Jund certainly is an upgrade in card quality over Rakdos, but it’s somewhat less focused. It also gives up some free wins by not having as many draws where Scourge of the Skyclaves is at its best. While Jund’s mana isn’t bad, it can’t stack up to the excellent mana that Rakdos sports.
Blood Moon is a little more interesting, but the mana in Jund makes it hard to be a viable option. Worry not, though — against Four- Color Omnath, we’ve come packing a stack of Boils, which will often end the game on the spot if you can sneak one through their counterspells.
I’d be looking to play Jund if I were expecting a lot of Mono-Red Prowess, as Tarmogoyf can often carry that match-up while letting you remain at a healthy life total. Death’s Shadow and Scourge are very powerful in that match-up, but they can leave you in some precarious spots. Jund is also a bit worse against combo decks as it isn’t quite as fast as Rakdos.
Grixis Death’s Shadow will always have a special place in my heart, but has largely fallen by the wayside in recent months as Rakdos and Jund have found more success. Grixis just doesn’t get to use Scourge of the Skyclaves nearly as effectively as the other Death’s Shadow counterparts, and consistency issues continue to be a thorn in its side. That being said, there are still match-ups where Grixis performs well. Spell-based combo decks have always been the preferred prey of Grixis Shadow, while other versions of Death’s Shadow tend to struggle against them.
The difference here is Stubborn Denial. For a long time, Stubborn Denial was an automatic four-of in Grixis, but that is no longer the case. There are simply too many powerful creatures out of the control decks that previously weren’t there. You certainly don’t want to be looking at a Stubborn Denial if your opponent puts Uro, Titan of Nature’s Wrath, or Omnath, Locus of Creation on the stack. If decks like Ad Nauseam, Mill, Belcher, and Hammer Time continue to rise in metagame percentage, then it is totally reasonable to consider having Stubborn Denial in your Death’s Shadow deck again.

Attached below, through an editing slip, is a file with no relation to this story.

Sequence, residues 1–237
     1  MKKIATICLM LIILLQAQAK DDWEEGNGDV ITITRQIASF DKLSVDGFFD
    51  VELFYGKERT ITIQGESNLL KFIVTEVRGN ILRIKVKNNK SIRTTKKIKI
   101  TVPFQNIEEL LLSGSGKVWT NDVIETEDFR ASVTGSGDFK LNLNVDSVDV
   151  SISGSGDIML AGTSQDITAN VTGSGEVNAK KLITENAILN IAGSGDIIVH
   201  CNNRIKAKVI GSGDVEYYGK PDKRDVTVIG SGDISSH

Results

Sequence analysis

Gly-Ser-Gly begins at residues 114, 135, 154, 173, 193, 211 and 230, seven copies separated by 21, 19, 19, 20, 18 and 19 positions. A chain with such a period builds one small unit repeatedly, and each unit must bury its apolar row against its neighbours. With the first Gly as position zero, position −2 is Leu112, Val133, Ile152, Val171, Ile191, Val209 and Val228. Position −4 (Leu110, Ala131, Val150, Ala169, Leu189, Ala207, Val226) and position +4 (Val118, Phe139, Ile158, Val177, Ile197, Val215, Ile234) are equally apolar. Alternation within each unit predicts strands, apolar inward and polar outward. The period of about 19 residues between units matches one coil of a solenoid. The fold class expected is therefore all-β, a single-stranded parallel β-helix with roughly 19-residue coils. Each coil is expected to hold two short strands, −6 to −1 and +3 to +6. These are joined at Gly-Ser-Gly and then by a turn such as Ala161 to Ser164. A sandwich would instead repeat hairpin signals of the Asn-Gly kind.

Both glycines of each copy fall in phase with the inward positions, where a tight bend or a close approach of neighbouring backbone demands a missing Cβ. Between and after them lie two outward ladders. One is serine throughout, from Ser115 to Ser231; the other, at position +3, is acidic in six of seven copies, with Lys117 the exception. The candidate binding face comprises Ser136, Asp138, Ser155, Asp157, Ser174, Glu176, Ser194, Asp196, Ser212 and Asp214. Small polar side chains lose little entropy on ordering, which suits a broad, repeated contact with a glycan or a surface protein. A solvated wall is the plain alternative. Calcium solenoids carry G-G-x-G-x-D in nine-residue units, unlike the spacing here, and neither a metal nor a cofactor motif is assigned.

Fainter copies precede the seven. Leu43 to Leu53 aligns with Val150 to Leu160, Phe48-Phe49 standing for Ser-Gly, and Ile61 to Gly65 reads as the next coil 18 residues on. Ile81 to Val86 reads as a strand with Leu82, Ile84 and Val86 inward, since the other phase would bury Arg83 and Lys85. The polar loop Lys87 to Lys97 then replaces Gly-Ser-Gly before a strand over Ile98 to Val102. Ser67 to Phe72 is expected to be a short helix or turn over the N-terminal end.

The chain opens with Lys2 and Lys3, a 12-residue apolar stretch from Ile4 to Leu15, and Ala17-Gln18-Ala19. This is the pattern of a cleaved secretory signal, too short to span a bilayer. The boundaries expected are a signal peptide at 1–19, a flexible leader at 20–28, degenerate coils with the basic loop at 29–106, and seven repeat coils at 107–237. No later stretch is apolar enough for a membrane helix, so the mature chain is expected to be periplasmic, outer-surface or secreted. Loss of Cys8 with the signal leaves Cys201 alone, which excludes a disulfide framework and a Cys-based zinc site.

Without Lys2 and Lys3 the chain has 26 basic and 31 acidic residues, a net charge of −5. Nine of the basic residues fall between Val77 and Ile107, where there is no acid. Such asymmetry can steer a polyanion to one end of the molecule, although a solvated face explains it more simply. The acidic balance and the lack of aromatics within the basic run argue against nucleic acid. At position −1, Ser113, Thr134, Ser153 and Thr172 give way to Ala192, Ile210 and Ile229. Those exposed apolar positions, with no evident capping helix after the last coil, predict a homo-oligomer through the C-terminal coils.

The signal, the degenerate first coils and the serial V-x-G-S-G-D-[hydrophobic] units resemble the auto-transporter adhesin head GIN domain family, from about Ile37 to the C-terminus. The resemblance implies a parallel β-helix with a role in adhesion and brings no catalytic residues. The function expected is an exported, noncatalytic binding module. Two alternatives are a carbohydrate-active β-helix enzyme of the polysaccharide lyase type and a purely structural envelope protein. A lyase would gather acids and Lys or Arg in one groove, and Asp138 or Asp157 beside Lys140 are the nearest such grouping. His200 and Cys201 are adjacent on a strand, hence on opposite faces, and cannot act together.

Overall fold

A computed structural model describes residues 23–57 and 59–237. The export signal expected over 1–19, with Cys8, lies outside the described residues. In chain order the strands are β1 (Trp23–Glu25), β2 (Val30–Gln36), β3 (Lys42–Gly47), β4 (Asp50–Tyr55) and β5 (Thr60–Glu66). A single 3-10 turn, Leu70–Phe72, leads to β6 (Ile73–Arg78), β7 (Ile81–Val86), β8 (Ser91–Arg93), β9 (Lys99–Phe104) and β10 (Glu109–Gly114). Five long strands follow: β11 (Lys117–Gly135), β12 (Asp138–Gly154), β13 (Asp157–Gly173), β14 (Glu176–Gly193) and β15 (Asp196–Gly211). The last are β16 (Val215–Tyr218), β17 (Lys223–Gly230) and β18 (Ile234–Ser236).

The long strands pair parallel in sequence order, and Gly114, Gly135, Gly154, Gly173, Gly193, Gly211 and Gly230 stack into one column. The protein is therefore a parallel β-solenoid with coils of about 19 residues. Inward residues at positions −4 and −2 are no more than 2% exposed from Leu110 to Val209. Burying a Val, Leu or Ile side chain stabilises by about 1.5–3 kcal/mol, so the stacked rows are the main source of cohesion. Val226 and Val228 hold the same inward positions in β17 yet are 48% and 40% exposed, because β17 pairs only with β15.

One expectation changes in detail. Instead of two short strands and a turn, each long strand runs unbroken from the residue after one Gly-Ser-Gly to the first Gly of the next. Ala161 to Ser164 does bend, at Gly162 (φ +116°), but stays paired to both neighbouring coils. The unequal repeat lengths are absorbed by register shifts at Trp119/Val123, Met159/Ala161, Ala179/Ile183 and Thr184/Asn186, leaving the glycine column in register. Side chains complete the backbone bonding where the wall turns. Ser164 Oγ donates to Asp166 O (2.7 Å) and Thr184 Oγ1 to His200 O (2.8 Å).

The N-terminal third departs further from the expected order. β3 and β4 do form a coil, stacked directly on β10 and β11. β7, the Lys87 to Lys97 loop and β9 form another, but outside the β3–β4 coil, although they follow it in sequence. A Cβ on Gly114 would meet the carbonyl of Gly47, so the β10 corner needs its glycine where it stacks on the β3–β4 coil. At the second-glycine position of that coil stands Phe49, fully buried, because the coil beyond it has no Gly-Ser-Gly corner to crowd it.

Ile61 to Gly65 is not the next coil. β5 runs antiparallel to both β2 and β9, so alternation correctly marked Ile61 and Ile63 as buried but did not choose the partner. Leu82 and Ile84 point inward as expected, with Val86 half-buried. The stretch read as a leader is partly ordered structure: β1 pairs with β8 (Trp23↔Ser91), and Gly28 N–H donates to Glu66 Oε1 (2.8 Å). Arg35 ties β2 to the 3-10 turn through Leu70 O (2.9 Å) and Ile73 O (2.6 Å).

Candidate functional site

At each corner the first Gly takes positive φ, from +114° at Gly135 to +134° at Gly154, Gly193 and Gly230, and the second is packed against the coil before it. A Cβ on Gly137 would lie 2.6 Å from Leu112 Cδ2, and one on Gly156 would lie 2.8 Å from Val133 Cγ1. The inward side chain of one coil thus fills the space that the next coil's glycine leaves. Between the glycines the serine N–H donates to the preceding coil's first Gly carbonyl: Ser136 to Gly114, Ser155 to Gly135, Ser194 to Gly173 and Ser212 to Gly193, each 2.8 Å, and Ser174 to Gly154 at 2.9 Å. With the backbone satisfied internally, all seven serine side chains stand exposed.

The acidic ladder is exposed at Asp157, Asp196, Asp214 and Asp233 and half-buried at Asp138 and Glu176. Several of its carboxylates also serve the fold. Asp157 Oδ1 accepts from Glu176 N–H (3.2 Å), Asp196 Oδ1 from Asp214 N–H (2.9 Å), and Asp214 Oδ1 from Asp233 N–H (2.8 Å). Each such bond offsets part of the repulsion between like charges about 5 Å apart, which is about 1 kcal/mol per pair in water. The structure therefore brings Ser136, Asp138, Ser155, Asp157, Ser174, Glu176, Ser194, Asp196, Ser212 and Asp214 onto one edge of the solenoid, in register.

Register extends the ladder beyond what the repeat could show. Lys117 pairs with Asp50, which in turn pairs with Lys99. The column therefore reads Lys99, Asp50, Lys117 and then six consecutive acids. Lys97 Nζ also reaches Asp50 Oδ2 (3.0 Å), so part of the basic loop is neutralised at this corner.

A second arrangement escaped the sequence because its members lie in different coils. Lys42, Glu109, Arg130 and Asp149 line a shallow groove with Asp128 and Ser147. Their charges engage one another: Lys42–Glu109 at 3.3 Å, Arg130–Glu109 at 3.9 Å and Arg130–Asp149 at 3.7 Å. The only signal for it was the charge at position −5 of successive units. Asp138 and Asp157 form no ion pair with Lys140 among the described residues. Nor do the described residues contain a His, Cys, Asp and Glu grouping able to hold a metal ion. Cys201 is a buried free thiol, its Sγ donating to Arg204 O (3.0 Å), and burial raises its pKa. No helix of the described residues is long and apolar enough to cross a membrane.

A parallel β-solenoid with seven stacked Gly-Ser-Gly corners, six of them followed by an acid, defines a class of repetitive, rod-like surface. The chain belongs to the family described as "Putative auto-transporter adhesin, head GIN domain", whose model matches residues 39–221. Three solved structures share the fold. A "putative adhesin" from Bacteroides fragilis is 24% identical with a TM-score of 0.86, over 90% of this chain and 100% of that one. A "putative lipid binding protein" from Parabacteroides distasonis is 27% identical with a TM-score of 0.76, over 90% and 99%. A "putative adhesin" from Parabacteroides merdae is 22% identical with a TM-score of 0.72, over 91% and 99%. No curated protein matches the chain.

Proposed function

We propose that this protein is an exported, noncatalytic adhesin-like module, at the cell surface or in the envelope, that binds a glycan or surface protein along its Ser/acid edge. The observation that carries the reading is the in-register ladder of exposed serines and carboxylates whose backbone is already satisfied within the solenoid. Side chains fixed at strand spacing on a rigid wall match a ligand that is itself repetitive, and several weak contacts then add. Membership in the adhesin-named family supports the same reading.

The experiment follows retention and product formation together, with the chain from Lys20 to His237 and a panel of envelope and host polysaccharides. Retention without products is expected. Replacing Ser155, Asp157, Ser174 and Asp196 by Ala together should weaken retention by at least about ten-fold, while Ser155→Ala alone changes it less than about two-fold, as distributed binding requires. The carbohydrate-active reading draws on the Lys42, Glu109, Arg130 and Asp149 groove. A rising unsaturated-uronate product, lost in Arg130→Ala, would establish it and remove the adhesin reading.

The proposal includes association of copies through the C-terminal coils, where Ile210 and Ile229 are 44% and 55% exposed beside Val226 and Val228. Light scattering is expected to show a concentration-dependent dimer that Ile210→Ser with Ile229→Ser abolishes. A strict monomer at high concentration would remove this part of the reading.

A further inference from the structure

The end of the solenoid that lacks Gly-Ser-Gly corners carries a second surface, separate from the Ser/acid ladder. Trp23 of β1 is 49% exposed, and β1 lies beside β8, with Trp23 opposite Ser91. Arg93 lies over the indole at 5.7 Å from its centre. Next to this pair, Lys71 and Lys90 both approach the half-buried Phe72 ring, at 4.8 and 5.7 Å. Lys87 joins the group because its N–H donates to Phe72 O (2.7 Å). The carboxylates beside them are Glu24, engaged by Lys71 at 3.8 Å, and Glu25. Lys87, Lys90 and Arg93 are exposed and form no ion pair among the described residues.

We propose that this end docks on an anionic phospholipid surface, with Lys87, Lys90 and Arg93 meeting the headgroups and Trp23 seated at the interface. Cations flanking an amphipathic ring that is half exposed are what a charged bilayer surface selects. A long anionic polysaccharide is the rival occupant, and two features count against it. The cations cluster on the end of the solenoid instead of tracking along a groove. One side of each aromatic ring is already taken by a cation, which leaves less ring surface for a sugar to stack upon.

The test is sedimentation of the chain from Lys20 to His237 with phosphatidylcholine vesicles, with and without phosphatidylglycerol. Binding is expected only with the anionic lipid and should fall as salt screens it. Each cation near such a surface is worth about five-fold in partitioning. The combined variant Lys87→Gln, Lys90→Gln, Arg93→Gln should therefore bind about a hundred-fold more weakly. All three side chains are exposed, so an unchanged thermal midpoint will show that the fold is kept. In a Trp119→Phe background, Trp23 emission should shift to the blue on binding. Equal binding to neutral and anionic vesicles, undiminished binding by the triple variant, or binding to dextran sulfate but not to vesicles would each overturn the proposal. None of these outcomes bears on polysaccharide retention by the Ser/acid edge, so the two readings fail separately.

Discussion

I’ve brought some Rakdos technology to this Grixis sideboard. Rain of Gore is likely the best option we have against Four-Color Omnath, as Grixis can’t support either Blood Moon or Boil. Similarly, we get to play Kozilek’s Return basically for free to clean up Auriok Champion, which has become a must-answer card.
Death’s Shadow has a reasonable playstyle to offer for everyone. The aggressive nature of Rakdos has proven to be a powerful option, Jund gets to function as a solid midrange deck, and Grixis is the same tempo-oriented strategy I fell in love with. It’s rare that you can find three versions of the same archetype that are all successful at the same time.
That being said, if I were playing tournaments anytime soon, I would choose to play Rakdos. Blood Moon in an aggressively-slanted deck backed up with disruption is a potent recipe at the moment. However, as the Modern metagame continues to evolve, we could see Jund continue to grow, or Grixis could slide back to its former dominance.
I always love talking about Death’s Shadow, so getting the opportunity to put this piece together was a real treat. I would like to continue the conversation, though! I’d love to know what your favorite Death’s Shadow deck is, or if you have any cards that you think are good that I may have missed. Be sure to let me know on Twitter at @RappaciousOne.
Have a safe and happy holiday season, and I’ll see you all next week!
Michael Rapp is a Modern specialist who favors Thoughtseize decks. Magic sates his desire for competition and constant improvement.